This view indicates a major divergence from the Neo-Classical theory by claiming that one cannot treat human reality according to methodological individualism. However, social reality is conceived as the totality of labour, symbols, cooperation and culture.

Marx goes far in criticising capitalism for distorting social reality. He realised that the social elite is shaping the general consciousness of society:

“…The ideas of the ruling class are, in every age, the ruling ideas: i.e., the class which is the dominant material force in society is at the same time its dominant intellectual force.”

The Ontology Of The Neo-Classical Theory

Mathematical formalism stands at the core of the neoclassical theory. Human beings, however, do not share characteristics with physics. Neo-Classical economics neglected the role of the historicity of institutions, cultures and symbols in shaping the natural order of things. The non-material approach was replaced by a more scientific approach that conceives rationality as the dominant factor in shaping the social and economic order.

German philosopher Carnap believes that any non-positivist approach to building a value judgment is nonsense. In his work The Unity of Science, Carnap states:

“… Statements belonging to Metaphysics, regulative Ethics, and Epistemology have this defect, are in fact unverifiable and, therefore, unscientific. In the Viennese Circle, we are accustomed to describing such statements as nonsense.”

The roots of Neo-Classical economics originates from Adam Smith who is the father of economic idealisation. The admiration of physics in Smith’s work is clearly manifested in his masterpiece Wealth of Nations in which he focuses on certain vocabularies like gravity and equilibrium. For instance, Smith (1776) speaks about prices saying they are “…gravitating towards the natural price.”

When one talks about physics and Newton, one is talking about mechanics and natural order. Homo economics tends to apply the science of mechanics on human beings’ decisions and subsequently, judge the outcome of their choices as logical and realistic as the outcome of a machine. Also, ceteris paribus, the ultimate weakness of the Neo-Classical theory isolates the human being from his superstructure (culture, religion, society) just for the sake of proving their fundamental beliefs in rationality and methodological individualism.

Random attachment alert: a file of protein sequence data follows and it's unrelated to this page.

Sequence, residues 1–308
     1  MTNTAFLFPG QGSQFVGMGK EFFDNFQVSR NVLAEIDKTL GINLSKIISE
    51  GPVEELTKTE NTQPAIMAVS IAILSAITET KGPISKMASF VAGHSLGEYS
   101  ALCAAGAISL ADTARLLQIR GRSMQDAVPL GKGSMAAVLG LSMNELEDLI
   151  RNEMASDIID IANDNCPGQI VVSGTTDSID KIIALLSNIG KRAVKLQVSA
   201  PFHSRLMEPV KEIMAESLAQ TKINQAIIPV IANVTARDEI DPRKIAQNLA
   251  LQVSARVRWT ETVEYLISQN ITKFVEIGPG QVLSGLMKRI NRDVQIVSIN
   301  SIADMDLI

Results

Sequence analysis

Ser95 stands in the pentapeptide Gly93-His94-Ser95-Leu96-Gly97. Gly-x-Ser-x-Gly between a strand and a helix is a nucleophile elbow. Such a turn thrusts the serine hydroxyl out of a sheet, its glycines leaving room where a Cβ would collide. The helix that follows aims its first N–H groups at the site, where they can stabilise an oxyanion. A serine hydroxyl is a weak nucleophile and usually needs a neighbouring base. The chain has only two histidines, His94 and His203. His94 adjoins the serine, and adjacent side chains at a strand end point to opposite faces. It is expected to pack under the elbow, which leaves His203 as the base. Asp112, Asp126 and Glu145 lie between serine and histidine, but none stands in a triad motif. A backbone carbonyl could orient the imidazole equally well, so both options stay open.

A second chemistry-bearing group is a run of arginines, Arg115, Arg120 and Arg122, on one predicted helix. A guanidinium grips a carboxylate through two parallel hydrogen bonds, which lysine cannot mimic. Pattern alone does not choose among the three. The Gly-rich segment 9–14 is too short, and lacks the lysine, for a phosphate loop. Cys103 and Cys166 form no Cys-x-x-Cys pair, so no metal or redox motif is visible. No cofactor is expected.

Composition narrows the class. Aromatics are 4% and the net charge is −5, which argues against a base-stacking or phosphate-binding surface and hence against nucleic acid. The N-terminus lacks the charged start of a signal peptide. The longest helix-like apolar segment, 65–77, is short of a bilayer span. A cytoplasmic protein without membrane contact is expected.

Methodologically, the consciousness of neoclassical theory is placed in the category of empirical epistemology. From this microscope, a small independent unit of a whole called “labour” is viewed, of whose action is driven by an innate rational behaviour, and where the power relations does not rise from the relationship between capital and labour but the innate characteristics of human beings.

Marxism Vs Fundamentalism Of Neoclassical Theory

At the core of this article stands the major difference between Marxism and Neo-Classical theories – methodological individualism versus methodological collectivism, although some Marxists might disagree with this terminology. Freedom, rationality, and utility are not in the natural state of humanity. However, people are a result of the interrelation of all coincidences that took place before they came to being.

To analyse human nature in an economic context, one should not omit any of the two “eyes” that one uses to view the world – quality and quantity. In this context, no one could explain the relationship between quantity and quality better than Marx and Engels. They say:

“… In physics, every change is a passing of quantity into quality, as a result of a quantitative change of some form of movement either inherent in a body or imparted to it. For example, the temperature of the water has at first no effect on its liquid state; but as the temperature of liquid water rises or falls, a moment arrives when this state of cohesion changes and the water is converted in one case into steam and in the other into ice. What is known as the constants of physics are in most cases nothing but designations for the nodal points at which a quantitative increase or decrease of movement causes a qualitative change in the state of the given body, and at which, consequently, quantity is transformed into quality.”


Fundamentalism in Neo-Classical Theory has a different understanding of the social order. Social order is not the result of social relations. However, it results from economic relations. Methodological individualism in its relation to social order begins with self-interested individuals seeking commitment to themselves rather than commiting to society as a whole.

In short, social order is a result of long-term voluntary contracts made by rational individuals who have pre-calculated their interests. But this view of what social order is attracts the reader to certain dialectical questions.

But this view of what social order is attracts the reader to certain dialectical questions. Is the individual independent from his culture? Does language shape the collective behaviour? Is there a common denominator that combines individual preferences? And finally, if the assumption of methodological individualism is true, why does a neoclassical capitalist economy need commodity advertisement?